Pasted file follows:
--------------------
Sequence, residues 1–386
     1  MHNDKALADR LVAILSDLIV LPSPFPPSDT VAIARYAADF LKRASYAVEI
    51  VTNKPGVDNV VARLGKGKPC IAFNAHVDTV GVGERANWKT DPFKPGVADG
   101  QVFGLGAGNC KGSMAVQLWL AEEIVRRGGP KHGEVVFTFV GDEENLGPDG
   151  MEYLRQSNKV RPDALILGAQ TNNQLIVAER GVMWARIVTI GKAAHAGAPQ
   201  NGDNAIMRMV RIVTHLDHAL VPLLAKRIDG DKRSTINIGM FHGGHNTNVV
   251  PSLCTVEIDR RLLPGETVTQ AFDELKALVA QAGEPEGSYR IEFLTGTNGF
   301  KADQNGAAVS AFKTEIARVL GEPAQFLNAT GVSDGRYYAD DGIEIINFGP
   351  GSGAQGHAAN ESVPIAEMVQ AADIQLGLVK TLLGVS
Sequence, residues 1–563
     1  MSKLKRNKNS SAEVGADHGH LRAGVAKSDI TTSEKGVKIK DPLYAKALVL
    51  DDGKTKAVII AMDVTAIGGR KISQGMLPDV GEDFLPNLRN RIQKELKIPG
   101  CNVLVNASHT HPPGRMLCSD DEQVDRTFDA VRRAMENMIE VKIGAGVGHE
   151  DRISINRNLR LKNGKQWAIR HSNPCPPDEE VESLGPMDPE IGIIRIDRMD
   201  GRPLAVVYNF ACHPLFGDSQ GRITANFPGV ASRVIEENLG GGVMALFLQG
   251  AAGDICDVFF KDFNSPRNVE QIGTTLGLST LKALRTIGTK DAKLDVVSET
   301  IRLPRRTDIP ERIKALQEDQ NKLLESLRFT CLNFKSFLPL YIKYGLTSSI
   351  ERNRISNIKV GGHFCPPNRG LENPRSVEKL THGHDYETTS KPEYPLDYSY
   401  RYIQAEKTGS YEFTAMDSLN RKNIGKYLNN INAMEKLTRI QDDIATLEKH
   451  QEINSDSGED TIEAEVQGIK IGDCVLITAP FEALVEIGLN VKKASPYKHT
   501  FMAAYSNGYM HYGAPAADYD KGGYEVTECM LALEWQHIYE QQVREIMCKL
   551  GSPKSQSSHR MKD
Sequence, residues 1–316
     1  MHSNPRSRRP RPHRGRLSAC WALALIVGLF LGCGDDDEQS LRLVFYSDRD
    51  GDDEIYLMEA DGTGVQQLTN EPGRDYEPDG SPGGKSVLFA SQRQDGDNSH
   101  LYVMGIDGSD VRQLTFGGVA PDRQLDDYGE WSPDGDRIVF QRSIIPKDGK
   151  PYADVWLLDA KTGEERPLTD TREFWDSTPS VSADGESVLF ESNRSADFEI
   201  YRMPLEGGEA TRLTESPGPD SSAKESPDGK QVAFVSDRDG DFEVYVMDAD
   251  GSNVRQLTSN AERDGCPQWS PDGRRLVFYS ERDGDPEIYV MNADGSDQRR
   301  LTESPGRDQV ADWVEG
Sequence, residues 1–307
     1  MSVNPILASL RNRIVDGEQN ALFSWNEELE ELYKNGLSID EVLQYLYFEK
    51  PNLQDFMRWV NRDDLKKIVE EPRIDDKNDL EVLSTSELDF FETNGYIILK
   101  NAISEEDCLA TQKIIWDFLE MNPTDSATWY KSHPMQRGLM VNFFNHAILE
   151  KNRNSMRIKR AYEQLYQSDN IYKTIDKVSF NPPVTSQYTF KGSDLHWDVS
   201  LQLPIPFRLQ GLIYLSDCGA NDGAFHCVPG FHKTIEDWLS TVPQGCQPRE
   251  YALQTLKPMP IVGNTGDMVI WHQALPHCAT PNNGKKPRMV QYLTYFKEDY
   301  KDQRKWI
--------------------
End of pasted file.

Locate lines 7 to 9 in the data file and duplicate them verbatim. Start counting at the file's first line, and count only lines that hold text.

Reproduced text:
   251  PSLCTVEIDR RLLPGETVTQ AFDELKALVA QAGEPEGSYR IEFLTGTNGF
   301  KADQNGAAVS AFKTEIARVL GEPAQFLNAT GVSDGRYYAD DGIEIINFGP
   351  GSGAQGHAAN ESVPIAEMVQ AADIQLGLVK TLLGVS